The power of rest
I have just returned to the Practice after 2 weeks leave visiting family in the UK and attending a trauma conference in Belfast…oh and catching COVID (of course) to keep things interesting! It didn’t quite go as planned, thanks to the COVID bit, but it was amazing to go on a plane again (something I used to take for granted) and even more splendid to go back to England and see people and places that are so special to me. I took a really hard-line with myself and the degree of contact I was intending to have with the Practice and everything that might need tending to while I was away. I had communicated my leave with my clients (obviously) and spent time with them to make sure we had a plan for while I was away. The same went for the amazing team of therapists who also work at Thea Baker Wellbeing (TBW), as well as the administration team headed by Alicia. So before I headed off I’d done everything within my abilities to ensure that everyone and everything would run like clockwork while I was away which I knew would be an important part of allowing myself the rest I needed.
And then I rested. And I was forced to do extra resting thanks to COVID. And it gave me time to think about rest and honestly how cool it is. So, my first blog back is about rest.
You see, the human body is designed to thrive on a series of short sprints. It definitely wasn’t designed for a pandemic, lockdowns, working from home and the associated isolation for social support. Rest – whether in the form of short breaks or longer periods of time off work, leave, holidays are vital to promote mental health, boost creativity, increase productivity, promote wellbeing, reduce stress, improve mood, and revitalise relationships. We’re all unique individuals. That is the foundation of my work – appreciating the individual difference and working with that difference – so finding our own rest ‘sweet spot’ is super important (and after the last couple of years, probably needs a little reset). I know for example that I’m an endurance kind of human. Back when I used to swim competitively, I used to do the 800m and 1500m events in the pool and I loved the ocean swims up to 5km. I’m the person that just finds it kind of comfortable sitting at the almost point of vomit for lap after lap. So, it’s not surprising that I also tolerate working long hours and going for lots of days before having a good rest day. But I am learning how important breaks are and so I’m sharing my learnings with you this week.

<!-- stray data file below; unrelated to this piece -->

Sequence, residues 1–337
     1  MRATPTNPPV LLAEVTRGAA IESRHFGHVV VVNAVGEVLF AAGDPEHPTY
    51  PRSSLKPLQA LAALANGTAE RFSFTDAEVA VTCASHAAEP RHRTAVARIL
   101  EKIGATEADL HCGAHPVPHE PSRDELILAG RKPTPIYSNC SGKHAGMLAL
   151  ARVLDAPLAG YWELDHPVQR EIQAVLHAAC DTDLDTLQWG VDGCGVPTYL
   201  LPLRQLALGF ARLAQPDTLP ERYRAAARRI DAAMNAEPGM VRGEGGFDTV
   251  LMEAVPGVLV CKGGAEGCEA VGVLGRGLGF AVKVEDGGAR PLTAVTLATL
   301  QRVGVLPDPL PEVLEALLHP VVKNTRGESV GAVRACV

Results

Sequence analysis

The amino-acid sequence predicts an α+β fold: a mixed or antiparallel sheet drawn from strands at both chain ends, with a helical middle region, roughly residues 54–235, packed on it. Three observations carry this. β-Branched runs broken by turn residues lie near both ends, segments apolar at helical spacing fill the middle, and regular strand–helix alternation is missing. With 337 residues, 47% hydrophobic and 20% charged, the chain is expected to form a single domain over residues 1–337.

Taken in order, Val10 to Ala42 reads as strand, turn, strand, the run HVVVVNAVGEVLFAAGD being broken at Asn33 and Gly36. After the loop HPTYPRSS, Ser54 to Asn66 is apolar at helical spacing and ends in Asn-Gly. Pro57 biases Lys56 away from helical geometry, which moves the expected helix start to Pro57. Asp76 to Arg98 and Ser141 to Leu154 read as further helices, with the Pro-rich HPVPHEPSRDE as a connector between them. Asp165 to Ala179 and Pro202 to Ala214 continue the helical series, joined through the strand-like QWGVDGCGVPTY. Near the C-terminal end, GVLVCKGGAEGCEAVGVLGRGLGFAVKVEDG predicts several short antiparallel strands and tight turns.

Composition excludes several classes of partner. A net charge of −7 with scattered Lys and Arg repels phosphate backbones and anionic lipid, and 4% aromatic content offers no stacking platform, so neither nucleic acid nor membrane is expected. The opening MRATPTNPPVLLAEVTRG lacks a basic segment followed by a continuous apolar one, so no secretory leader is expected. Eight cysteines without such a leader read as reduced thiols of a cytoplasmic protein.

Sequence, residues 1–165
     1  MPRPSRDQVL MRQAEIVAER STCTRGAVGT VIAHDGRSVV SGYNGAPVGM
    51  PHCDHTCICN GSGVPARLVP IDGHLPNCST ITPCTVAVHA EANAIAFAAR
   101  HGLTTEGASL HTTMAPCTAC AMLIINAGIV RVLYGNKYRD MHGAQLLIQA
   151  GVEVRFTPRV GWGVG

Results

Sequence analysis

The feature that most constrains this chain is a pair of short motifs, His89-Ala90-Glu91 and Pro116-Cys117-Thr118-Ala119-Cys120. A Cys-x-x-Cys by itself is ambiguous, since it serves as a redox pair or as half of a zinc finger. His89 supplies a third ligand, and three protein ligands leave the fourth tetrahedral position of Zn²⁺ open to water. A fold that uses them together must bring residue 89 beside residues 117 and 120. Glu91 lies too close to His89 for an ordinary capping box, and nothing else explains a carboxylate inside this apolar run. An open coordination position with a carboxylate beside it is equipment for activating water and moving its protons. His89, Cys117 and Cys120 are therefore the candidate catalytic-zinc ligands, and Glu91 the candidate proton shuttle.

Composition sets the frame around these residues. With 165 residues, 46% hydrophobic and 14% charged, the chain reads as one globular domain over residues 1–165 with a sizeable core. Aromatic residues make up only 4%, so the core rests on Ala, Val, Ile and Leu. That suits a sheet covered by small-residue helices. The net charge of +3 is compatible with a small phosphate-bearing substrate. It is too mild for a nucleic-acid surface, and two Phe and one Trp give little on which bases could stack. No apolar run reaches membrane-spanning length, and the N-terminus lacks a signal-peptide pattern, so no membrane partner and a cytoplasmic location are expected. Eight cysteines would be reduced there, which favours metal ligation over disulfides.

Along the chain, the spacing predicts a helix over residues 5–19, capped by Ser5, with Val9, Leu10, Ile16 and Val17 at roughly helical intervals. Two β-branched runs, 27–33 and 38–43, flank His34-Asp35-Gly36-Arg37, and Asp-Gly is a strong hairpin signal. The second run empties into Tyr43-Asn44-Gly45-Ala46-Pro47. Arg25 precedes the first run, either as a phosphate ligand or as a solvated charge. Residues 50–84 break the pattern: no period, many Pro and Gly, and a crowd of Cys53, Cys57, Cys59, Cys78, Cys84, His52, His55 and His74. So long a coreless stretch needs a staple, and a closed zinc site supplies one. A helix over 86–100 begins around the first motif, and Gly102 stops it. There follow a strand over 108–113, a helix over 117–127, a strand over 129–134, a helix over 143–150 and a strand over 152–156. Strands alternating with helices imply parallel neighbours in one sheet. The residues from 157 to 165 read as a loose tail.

We all know that stress is an intrinsic aspect of modern life. For some of us it can act like a stimulant. Chronic (long-term) stress though suppresses our immune system and increases our risk of disease. During stressful experiences we enter that fight-flight state of physiological arousal. Rest activates the other, counter aspect of our nervous system that helps return us to homeostasis.
Taking time off or away from our usual work and taking time to rest and relax allows the space to become more creative. Rest helps us to refill our reserves, and it literally allows us to experience increasing solutions to open-ended problems.
Just like with other muscles, our brain is less functional when it’s tired. We are always more productive and more efficient when we have taken some rest-time.
Rest improves our ability to make decisions. Long periods of working without a break reduces our concentration and can depreciate our emotional capacity.
Rest with purpose
Rest is more significant and helpful when we do it purposefully. Aside from booking a holiday, here are some little tips for being purposeful rest into our daily lives:
- Practice gratitude
- Take deep breaths
- Cultivate healthy habits (exercise, mindful practices like meditation and yoga)
- Practice good sleep hygiene (screen-time, phones out of the bedroom and a regular wake-up time)
What would happen if you gave yourself permission to rest more?